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    The Woman Trying to Change Chinese Politics From the Inside

    Jiang Shengnan is a rare figure in Chinese politics: a vocal women’s rights advocate who is seeking to drive change from within the system.
    Apr 15, 2023#gender#policy

    Jiang Shengnan has taken on many challenging roles during her decadeslong campaign to promote women’s rights in China — from university researcher to bestselling novelist and TV screenwriter.

    But nothing compares to the pressure she has faced as a frontline politician.

    For the past few years, the 49-year-old has been walking a wafer-thin tightrope as she attempts to bridge a gaping divide: between the women’s rights movement and the world of Chinese national politics.

    In 2018, Jiang became a delegate to China’s highest legislative body, the National People’s Congress. During her five-year term, she emerged as a unique voice in the chamber, consistently using her platform to put gender equality on the political agenda.

    Inside the NPC, Jiang made headlines by putting forward popular proposals on issues ranging from human trafficking to parental leave. Outside it, she became a prominent figure in the Chinese media, and even turned to trendy new formats such as stand-up comedy to spread her message.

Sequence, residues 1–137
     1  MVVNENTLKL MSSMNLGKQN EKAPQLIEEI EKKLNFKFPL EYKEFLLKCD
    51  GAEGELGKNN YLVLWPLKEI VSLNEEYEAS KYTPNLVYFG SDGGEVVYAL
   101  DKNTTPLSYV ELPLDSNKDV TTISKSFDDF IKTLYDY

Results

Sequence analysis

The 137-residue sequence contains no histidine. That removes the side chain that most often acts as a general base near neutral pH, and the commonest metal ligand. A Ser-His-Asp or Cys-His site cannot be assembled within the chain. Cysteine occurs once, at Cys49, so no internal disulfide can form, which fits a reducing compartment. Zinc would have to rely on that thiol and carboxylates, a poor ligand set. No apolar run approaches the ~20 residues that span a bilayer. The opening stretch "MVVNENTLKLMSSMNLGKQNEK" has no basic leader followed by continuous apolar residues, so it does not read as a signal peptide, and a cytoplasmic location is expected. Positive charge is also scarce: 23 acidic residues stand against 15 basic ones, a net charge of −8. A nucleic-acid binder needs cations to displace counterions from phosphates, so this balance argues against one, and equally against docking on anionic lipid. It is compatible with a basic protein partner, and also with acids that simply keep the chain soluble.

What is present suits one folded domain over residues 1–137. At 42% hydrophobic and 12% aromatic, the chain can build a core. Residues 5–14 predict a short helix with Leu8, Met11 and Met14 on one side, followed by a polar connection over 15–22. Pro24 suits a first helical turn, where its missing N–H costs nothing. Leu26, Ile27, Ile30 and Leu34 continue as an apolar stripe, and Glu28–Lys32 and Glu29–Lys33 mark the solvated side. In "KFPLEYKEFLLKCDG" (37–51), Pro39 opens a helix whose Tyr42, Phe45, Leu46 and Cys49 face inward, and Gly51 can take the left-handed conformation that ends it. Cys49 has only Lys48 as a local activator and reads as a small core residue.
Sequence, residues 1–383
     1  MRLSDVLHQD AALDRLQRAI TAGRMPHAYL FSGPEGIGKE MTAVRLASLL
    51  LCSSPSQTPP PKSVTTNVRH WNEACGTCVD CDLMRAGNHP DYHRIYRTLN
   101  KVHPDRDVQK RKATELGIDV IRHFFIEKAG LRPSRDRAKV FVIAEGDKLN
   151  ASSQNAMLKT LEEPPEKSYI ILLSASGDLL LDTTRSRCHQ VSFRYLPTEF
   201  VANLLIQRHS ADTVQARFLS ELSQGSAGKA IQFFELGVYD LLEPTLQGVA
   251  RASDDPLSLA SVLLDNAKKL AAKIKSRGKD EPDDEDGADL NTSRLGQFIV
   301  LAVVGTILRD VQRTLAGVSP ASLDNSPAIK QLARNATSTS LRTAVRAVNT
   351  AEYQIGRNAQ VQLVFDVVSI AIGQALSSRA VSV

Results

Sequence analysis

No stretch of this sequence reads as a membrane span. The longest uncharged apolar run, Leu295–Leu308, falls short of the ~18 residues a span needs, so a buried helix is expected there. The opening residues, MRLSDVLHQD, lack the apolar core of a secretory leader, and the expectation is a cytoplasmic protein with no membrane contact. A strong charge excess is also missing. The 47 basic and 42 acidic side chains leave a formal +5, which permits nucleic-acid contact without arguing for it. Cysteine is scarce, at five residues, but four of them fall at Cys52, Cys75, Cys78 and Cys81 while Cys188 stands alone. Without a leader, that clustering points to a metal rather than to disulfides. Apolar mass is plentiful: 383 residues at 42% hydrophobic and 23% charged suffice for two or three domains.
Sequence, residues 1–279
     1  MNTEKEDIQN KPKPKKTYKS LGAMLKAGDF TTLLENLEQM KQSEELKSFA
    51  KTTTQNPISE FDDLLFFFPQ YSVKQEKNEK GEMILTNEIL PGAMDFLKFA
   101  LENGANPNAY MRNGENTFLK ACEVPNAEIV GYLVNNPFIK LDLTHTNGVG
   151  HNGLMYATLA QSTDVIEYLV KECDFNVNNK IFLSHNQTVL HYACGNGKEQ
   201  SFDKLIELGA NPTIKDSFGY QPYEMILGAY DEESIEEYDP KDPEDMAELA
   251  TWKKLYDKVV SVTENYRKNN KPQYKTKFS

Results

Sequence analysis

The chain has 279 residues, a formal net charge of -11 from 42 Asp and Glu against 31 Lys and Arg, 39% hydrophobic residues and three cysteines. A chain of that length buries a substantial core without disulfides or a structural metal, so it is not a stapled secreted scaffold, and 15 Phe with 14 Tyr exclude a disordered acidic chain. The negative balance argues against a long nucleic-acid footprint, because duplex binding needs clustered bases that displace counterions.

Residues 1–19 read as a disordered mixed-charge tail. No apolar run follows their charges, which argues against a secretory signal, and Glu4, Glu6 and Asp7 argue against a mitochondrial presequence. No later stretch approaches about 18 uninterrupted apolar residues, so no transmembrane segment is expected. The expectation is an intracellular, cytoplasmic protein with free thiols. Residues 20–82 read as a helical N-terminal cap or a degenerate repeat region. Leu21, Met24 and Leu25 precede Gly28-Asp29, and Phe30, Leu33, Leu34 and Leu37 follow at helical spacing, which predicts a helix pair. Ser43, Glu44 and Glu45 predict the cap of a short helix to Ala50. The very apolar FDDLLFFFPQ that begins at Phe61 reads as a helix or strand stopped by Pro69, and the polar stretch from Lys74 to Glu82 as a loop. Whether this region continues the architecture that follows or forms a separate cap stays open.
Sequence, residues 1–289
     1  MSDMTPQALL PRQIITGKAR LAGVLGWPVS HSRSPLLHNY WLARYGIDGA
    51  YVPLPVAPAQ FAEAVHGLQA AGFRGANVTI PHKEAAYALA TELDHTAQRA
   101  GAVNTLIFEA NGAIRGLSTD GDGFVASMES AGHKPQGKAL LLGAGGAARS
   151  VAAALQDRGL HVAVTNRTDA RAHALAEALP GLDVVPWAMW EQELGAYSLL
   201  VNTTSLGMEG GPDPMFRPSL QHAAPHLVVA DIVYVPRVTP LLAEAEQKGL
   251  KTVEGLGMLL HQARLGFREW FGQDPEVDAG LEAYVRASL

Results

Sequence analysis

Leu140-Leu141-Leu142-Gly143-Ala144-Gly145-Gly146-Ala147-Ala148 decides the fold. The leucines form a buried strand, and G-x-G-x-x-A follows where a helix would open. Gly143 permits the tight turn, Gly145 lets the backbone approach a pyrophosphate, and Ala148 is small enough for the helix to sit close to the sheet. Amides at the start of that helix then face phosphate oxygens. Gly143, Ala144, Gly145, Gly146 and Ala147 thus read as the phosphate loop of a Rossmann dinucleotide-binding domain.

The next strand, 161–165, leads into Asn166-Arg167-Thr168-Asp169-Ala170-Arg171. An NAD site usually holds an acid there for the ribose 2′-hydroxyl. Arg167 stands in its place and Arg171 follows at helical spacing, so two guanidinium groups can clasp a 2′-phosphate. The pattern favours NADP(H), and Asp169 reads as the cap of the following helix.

After her term expired in 2023, Jiang moved across to the Chinese People’s Political Consultative Conference — a sister chamber that serves as an advisory body to the NPC. There, she has continued her advocacy, leading a high-profile campaign to combat China’s rampant overtime culture.

    For Jiang, the decision to enter Chinese politics has been a calculated gamble. Though becoming a political insider involves difficult compromises, she believes it gives her a better chance of driving reforms that will improve women’s lives.

    She also hopes to blaze a trail that others will follow in the future — allowing women to gain a stronger voice in the halls of Chinese power. In the NPC, just over one-quarter of delegates are female, and only a handful consistently focus on gender issues.

    “Many people have been trapped without a voice for too long,” Jiang tells Sixth Tone. “Those of us who have the power must change that.”

    But to succeed, she will have to navigate some perilous political terrain. This is a tense moment for gender politics in China. The government is facing growing calls to take stronger action on a series of women’s rights issues, including domestic violence, sexual harassment, and workplace discrimination, among many others.